I have three problems with SAVING MR. BANKS, only one of which springs from knowing how much of the story has been Disney-fied. A feature film is not real life, even when based as this one is on actual events if for no other reason, as someone once said, real life doesnt have to make sense. But trying to make sense of the contentious wooing and winning of Mary Poppins author P.L. Travers by Walt Disney has more than enough rich cinematic material to make a compelling film. Sweetening up Ms Travers, the way Walt wanted to, and did, sweeten up Ms Poppins doesnt make things better, nor does it make the film suitable for the younger kids whom Disney wanted to attract with his version of the umbrella-flying nanny, with disturbing images of Travers childhood vying with scenes of pure cotton candy.
The real story is that Disney spent 20 years trying to get the rights to the first book in Travers Poppins series. As the film tells us, it was a promise he made his daughter and in a Disney film, such things are sacrosanct. The real story is also that despite what the film shows, Travers went to her grave hating the resulting film, and forbidding any American from every having anything to do with any future adaptations.
Fortunately for Disney and his promise, Travers had fallen on financial hard times, and finally giving in to Disney and his corporation became the only way out. And so the formal, dour, barb-tongued, and altogether misanthropic author finds herself in friendly, sunny California, about to be assaulted by the happiest place on earth, and its determined glad-handing founder.
What ensues , and my second problem with the film, is a curious bifurcation of story and purpose. Flashbacks to Travers difficult childhood with her feckless by adored father (Colin Farrell) and cross-cut with the whimsical taming of the British shrew. Its a combination that never quite works, least of all when the adult Travers, played with impeccable integrity by Emma Thompson, is seen twirling with delight to one of the songs she so didnt want in the film, in contrast to the sight of the seven-year-old Travers watching her bed-ridden father coughing up blood. That pears will somehow figure into the glib psychology of the story is prefigured by the adult Travers pitching said fruit over the balcony of her suite at the Beverly Hills Hotel yelling Pears! Never pears! The attempts to psychoanalyze the author are never less klunky than that, and often can be seen to strain at their poorly constructed seams.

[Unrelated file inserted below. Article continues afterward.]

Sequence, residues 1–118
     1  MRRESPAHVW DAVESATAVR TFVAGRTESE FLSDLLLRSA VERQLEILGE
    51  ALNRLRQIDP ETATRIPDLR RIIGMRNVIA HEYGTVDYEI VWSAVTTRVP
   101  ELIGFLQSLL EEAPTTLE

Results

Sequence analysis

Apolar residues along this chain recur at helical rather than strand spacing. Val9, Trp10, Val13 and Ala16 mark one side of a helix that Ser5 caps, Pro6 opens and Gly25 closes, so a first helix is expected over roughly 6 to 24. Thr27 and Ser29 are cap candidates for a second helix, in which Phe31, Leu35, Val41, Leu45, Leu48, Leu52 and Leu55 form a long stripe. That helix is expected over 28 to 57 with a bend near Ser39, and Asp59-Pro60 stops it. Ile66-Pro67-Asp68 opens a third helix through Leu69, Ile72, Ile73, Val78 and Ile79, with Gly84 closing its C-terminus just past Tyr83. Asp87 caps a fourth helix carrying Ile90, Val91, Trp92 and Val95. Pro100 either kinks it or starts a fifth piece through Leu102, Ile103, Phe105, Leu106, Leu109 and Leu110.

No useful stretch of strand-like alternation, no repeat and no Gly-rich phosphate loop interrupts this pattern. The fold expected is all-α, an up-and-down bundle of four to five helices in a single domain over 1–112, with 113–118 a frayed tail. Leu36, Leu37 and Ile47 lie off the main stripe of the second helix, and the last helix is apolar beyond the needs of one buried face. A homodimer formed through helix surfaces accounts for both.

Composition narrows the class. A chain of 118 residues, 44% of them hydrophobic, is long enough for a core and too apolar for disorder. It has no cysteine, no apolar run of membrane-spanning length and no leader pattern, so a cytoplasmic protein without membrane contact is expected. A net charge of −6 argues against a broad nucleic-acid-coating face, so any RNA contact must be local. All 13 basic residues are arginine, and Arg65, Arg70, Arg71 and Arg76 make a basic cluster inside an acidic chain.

Travers, to harp on my first problem, was a much more complicated and interesting character than the one-dimensional dyspeptic on view. A dabbler in the occult, in free love, and life upon the wicked, wicked stage, she is rendered into a starchy stereotype with a quirk about building gazebos out of twigs and leaves.
The third problem is that it all goes on much too long trying to make one cohesive film about of two diametrically opposing stories. Not that Tom Hanks as Disney isnt properly avuncular with a suitably Disney twinkle in his eye. There is even the (for Disney) daring depiction of him smoking and drinking, though he is at pains to note he is embarrassed to have his public find out about it. Paul Giamatti as the obvious expository device of Travers limo driver is the a suitably Disney Jiminy Cricket of the piece, and B.J. Novak and Jason Schwarzman as the Sherman Brothers who were Disneys go-to film composers are a suitably Disney pair of bumbling sidekicks. They deserve better, and for the real story of how they worked with Travers, there is the excellent documentary THE BOYS, in which they go on at length about how difficult Travers was to work with, and offer a glimpse of how much fun it would have been to see that Travers on screen and in the hands of the divine Miss T.
There are in SAVING MR. BANKS two films warring with each other and leaving the audience as its casualty. A thoughtful film about the childhood influences Travers injected into her Poppins, one less pretty and more stern than the cinematic one, would have been fascinating, particularly with Farrell, an actor of much charisma playing a lost soul. A trite but fun film about the immovable object that was Travers disdain, meeting the irresistible force that was Disneys ambition and aw-shucks charm might also have passed muster. As it stands, SAVING MR. BANKS is saved by the distinctly non-pandering talents of Thompson, and, over the credits, the actual tape recordings of the consulting sessions Travers had with Disney production staff, recordings upon which Travers insisted because even though he presided over the happiest place on earth, there was something about Disney that she didnt trust. As SAVING MR. BANKS proves. She was right.